They could not get this until the early 1840s when Georgian breeder and forest hunter, George Birdsong became interested in developing a breed with these characteristics. It was at this time that the Redbone Coonhound predecessor was truly developed.

Later, the Redbone predecessor was crossbred with imported swift Irish Foxhounds to establish the saddlebacks. They got this name because of their black saddles. Breeders were not exactly satisfied with this characteristic; hence, they continued producing new liters until there were only rich, and red-coated puppies remaining.  
By the end of the 19th century, the Redbone Coonhound had become a well-established breed. Since then, Redbones have continued to prove their prowess as loyal human companions and excellent hunters.

The American Kennel Club (AKC) hound group didn’t officially accept this breed until early 2009. However, despite the acceptance, they are still a rare breed to find outside America. While it’s easy to think that the Redbone Coonhound derived its name from its color, it actually got its name from the name of an early breeder, Peter Redbone. 

Redbone Coonhound Traits

The Redbone Coonhound is a muscular hound dog. It is generally handsome, robust, and strong. It has a clean and well-molded head, with a medium stop between the nose and the brow.

Its ears are typically long and hanging, often extending to the tip of its nose when the dog is following a scent. It holds its tail upright, while its paws are compact and cat-like, with thick and strong pads.

The Redbone Coonhound has a rich red color, with a shiny and smooth coat that lies flat and resembles a Beagle. Some coats are entirely red, while others may have a touch of white. 

Redbone Coonhound Temperament

Redbone Coonhounds are generally affectionate and friendly. They are also intelligent with moderate activity levels. They generally love the company of their human family, although they do not display overtly tenacious behavior.

Most owners describe them as gentle and easy-going. The Redbone Coonhound mingles well with children, dogs, and average-sized pets, although it’ll still make sense to socialize them at their young age. This breed is also eager to please its human family and may become frustrated when subjected to intense formal training techniques. 

Redbone Coonhound Health

The average life expectancy of a Redbone Coonhound is between 12 – 15 years. Their coat requires a weekly cleaning to maintain its clean and shiny nature. You must also brush the teeth of your Redbone Coonhound several times per week and trim its nails at least once every month. 

Redbone Coonhounds are generally healthy, although owners still need to watch out for the following breed-specific issues. Some of these issues include:  

  • Hip dysplasia 
  • Ear infections  
  • Injuries from rough terrain and underbrush on the hunt 
  • Ticks beneath the ears 
  • Injuries caused by prey during hunting expeditions. 

You can minimize most of these health issues in your Redbone Coonhound by buying your dog from a reputable breeder.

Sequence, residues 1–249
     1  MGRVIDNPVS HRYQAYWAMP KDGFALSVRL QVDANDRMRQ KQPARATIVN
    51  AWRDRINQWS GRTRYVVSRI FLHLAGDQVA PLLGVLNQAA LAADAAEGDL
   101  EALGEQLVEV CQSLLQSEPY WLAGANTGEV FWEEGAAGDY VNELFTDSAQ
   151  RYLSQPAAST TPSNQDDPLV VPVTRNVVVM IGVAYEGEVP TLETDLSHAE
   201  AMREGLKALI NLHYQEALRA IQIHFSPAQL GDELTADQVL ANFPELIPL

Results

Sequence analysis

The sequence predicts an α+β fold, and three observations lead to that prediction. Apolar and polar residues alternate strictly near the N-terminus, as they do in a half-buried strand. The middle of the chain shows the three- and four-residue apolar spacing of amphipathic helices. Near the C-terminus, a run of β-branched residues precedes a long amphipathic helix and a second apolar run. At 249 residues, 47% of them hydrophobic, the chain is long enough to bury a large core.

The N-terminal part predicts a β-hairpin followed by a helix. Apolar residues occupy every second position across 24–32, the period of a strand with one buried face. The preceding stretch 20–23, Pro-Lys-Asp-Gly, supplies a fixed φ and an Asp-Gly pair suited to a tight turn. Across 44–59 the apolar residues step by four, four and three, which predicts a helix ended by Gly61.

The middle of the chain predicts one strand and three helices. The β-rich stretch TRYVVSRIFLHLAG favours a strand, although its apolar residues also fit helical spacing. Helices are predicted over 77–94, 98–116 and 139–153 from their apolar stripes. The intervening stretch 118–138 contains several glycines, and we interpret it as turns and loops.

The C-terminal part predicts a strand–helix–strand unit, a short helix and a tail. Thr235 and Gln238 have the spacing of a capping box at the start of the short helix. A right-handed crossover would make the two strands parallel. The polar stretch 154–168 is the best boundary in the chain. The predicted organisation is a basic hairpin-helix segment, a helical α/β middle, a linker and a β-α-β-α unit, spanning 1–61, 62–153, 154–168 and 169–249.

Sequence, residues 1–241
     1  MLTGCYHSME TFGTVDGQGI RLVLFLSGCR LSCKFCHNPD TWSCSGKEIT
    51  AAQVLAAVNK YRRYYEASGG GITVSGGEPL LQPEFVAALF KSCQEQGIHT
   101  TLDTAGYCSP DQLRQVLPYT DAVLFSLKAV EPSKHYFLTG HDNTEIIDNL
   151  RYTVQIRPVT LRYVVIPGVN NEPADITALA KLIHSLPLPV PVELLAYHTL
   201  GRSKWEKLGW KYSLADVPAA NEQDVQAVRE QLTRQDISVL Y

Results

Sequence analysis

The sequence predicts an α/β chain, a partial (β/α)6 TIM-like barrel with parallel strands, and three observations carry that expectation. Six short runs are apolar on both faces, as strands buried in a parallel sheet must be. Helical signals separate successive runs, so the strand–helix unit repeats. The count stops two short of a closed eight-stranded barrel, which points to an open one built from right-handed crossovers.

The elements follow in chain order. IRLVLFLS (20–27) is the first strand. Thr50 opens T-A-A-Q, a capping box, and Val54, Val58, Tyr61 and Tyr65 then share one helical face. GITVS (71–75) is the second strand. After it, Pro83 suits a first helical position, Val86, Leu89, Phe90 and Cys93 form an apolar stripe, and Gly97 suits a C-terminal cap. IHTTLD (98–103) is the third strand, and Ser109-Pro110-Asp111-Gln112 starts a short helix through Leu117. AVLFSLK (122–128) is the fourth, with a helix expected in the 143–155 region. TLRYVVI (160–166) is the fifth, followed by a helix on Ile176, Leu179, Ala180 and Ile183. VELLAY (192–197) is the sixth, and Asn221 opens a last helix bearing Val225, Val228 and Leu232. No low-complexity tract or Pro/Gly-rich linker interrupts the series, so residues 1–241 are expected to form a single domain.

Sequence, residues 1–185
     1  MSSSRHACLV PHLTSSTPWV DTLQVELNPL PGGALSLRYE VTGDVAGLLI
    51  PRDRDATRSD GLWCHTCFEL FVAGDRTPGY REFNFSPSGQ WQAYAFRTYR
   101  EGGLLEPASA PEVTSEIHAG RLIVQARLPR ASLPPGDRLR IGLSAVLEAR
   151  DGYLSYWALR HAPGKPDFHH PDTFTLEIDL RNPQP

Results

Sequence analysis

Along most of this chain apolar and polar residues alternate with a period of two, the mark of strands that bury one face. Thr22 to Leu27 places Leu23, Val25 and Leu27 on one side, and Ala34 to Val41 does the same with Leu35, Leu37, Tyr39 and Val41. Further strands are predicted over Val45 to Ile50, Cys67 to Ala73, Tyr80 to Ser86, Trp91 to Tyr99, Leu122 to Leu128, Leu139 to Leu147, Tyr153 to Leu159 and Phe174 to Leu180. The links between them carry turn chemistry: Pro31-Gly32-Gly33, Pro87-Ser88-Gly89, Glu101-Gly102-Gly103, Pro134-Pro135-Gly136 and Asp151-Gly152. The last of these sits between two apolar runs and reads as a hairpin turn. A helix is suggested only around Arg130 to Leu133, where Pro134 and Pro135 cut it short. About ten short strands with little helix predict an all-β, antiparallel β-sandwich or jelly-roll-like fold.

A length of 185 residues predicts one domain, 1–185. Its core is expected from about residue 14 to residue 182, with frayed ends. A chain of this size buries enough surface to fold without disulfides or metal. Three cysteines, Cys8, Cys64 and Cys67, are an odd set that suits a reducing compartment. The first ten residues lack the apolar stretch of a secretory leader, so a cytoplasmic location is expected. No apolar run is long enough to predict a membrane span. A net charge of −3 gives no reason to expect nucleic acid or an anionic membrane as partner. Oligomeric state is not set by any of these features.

Redbone Coonhound Pet Care

Redbone needs a moderate level of attention, and caring for them is slightly expensive. They’ll need an adequate level of grooming to maintain the cleanliness of their coat. Grooming style and cost may differ from animal to animal, considering that they all have individual requirements.

Their coat is medium, and their hair needs brushing down at least twice a week. Their diet is also an essential part of their care and will largely depend on their age, size, and energy consumption. 

Vizsla vs Redbone Coonhound Comparison Chart 

 Vizsla Redbone Coonhound 
Group: Hound Hound 
Origin: Hungary Hungary 
Lifespan: 9-10 Years 12-15 Years 
Size: Medium Size Large Size 
Other Names: Hungarian Pointer  Hungarian Vizsla – 
Colors Available: Dark Shades and Golden Color Red, Red & White 
Coat: Short and Smooth Short, smooth, and protective 
Temperament: Independent, energetic, Gentle, Affectionate, Loyal, Social, Intelligent  Energetic, affectionate, friendly, gentle, playful, social. 
vizsla vs redbone coonhound
Vizsla vs Redbone Coonhound


The Vizsla and Redbone Coonhound are both great breeds worth owning. Each of the breeds has a unique trait that makes it unique. While the Vizsla is very active and friendly, Redbone Coonhounds are relatively calmer.

Both breeds love children’s company, and their appealing looks make it easy for children to be comfortable around them. However, the Vizsla makes a better hunting dog than the Redbone Coonhound. They are courageous and always ready to take on new adventures; Caring for the Vizsla is generally more affordable when compared to the Redbone Coonhound. 

stuart and his dog

Family Dog Expert Author

Hi there! I’m Stuart, a devoted dog lover and family dog expert with over a decade of experience working with our furry companions. My passion for dogs drives me to share my knowledge and expertise, helping families build strong, loving bonds with their four-legged friends. When I’m not writing for SirDoggie, you’ll find me hiking, playing with my beautiful dog, or studying music.